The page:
On the 22 possessions in which Leonard drove, the Raptors scored 29 points -- 10 from Leonard himself and 19 from his teammates.
"Pretty much try to stay with a consistent mindset throughout the whole game," Leonard said of his performance. "Just trying to read the defense throughout the entire game, see what's working."
It was all working, whether it was Leonard calling his own number or making plays for others. And it certainly helps that the others have seemingly found their mojo. Fred VanVleet, who shot 6-for-42 over a nine-game stretch from Game 2 of the conference semis through Game 3 of this series, is a 63 percent shooter (10-for-12 from 3-point range) when he has more than one child.
All of Leonard's nine assists in Game 5 were on 3-pointers -- meaning he accounted for 62 (59 percent) of the Raptors' 105 points via his own points and assists -- and four of them were to the dad who hasn't slept much since Fred Jr. was born on Monday.
"Any time he chooses to get the rest of us involved," VanVleet said of Leonard, "it's going to bode well for our offense. The rest of us just got to be ready to step up and knock them down."
VanVleet had both the biggest shot of the night -- a 3-pointer from the right wing off a Leonard kick-out that broke a 93-93 tie with 2:19 to go -- and the quote of the night when asked about his formula for success: "Zero sleep, have a lot of babies, and go out there and let loose."
The Raptors' offense has been the biggest key to this series, because Toronto's defense -- when it has been set -- has been tremendous. It has kept Antetokounmpo from getting all the way to the basket while being able to recover out to and contest the Bucks' shooters.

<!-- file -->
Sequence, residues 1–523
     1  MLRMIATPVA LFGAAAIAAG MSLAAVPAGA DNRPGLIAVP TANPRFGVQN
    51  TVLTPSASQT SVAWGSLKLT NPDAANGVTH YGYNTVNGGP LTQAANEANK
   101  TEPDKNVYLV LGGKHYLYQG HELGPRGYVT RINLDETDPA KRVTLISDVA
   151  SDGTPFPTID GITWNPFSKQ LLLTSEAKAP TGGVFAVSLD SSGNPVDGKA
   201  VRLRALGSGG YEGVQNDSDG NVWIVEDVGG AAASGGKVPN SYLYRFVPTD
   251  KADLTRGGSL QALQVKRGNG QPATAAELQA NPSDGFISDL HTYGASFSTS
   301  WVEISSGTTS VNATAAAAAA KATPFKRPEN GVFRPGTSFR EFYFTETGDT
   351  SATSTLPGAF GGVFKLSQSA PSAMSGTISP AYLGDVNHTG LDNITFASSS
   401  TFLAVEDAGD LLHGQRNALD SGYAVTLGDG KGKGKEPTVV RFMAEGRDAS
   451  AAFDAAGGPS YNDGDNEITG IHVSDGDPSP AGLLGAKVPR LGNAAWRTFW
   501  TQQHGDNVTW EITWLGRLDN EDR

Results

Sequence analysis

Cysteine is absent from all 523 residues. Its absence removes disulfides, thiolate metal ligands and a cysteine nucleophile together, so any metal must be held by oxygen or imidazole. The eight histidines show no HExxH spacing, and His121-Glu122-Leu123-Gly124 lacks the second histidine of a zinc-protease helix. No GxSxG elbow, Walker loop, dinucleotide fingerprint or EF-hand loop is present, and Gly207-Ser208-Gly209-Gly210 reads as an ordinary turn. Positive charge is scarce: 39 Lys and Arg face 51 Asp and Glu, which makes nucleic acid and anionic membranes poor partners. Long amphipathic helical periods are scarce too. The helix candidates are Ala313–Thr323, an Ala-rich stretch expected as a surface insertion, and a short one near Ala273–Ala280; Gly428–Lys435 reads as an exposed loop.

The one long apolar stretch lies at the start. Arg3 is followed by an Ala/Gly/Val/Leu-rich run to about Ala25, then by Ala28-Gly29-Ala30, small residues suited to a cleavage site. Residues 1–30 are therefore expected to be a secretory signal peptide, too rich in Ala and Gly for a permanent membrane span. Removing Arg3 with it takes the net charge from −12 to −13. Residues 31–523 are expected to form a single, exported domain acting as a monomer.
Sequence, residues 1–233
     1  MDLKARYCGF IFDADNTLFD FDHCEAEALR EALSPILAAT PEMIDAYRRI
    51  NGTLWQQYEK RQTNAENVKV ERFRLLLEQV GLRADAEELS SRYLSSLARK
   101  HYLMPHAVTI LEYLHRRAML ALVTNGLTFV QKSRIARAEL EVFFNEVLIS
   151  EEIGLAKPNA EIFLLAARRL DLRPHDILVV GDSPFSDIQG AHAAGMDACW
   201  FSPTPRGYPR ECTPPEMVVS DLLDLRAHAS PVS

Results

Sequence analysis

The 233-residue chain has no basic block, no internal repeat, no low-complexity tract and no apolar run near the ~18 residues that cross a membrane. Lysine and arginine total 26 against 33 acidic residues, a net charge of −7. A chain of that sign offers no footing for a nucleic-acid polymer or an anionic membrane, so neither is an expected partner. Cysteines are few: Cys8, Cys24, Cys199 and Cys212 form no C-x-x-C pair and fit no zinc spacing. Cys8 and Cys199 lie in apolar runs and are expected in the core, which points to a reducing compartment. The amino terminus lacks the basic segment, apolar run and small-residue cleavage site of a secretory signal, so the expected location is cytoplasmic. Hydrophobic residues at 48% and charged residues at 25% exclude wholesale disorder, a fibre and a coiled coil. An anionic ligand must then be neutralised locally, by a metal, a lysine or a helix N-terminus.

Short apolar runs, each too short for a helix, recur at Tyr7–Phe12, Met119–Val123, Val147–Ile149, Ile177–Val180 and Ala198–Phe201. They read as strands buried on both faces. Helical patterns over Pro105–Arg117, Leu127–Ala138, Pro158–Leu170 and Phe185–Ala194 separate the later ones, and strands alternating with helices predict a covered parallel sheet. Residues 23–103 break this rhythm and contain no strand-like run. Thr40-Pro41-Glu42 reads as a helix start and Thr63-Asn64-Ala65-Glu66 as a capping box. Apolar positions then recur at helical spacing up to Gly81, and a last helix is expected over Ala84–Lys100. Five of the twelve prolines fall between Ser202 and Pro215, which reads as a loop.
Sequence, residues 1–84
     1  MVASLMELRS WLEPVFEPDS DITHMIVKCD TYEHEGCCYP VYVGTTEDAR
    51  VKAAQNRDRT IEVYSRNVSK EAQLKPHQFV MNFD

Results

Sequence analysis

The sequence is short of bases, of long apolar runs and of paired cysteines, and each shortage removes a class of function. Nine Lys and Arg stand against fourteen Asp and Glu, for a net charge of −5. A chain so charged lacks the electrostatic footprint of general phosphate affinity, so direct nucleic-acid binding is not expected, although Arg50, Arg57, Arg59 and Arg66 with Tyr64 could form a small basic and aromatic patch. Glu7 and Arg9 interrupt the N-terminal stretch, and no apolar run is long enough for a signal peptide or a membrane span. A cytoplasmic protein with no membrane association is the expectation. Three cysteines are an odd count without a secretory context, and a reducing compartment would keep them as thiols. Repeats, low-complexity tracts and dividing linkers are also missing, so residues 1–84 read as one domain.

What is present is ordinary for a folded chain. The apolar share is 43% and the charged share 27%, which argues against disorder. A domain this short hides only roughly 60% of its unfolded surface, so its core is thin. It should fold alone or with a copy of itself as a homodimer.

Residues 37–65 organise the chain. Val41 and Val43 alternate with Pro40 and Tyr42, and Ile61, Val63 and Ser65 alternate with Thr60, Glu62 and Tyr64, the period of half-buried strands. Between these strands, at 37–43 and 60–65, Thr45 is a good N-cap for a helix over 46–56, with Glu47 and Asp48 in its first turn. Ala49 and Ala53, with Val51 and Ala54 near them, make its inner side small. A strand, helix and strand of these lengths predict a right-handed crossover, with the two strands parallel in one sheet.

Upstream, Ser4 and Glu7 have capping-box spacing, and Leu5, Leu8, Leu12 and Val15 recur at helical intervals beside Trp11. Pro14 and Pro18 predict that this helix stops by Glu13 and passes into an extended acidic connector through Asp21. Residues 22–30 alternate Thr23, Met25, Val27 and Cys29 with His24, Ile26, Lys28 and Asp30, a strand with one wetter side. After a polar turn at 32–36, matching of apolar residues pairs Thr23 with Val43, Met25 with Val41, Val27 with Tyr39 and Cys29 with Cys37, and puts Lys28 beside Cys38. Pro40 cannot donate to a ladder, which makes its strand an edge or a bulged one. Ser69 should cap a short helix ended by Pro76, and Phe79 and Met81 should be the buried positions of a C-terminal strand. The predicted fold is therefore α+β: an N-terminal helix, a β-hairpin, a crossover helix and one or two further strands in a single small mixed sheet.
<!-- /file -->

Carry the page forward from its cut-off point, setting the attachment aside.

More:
While the Raptors scored 1.32 points per possession when Leonard drove in Game 5, the Bucks scored at a rate less than half of that (0.57, 12 points on 21 possessions) when Antetokounmpo drove.
"We've got to play good offense," Nurse said, "not turn it over and score the basketball, because if you don't, they're getting what they want, which is downhill basketball in a hurry. If we can score it, if we can take care of it, we can get our defense set up, for the most part we get down and guard them and make the shots a lot tougher."
Just six days ago, the Raptors were a possession away from falling into an 0-3 hole, one that no team in NBA history has ever come back from. Now, they've won three straight games against the team that hadn't lost three straight all season. After scoring less than a point per possession over the first two games of this series, the Raptors have scored 110.3 per 100 over the last three.
The defense feeds off of the offense. And the offense feeds off of the star that keeps taking things to a new level.
"I'm not afraid of the moment," Leonard said. "I enjoy it."
The Kawhi Leonard that we saw in Games 1-4 against Philadelphia (when he averaged 38.0 points on 62 percent shooting) was a preposterously efficient scorer, good enough to keep his team even in the second round. The Kawhi Leonard that we saw on Thursday has his team playing even better ... and just one win from the NBA Finals.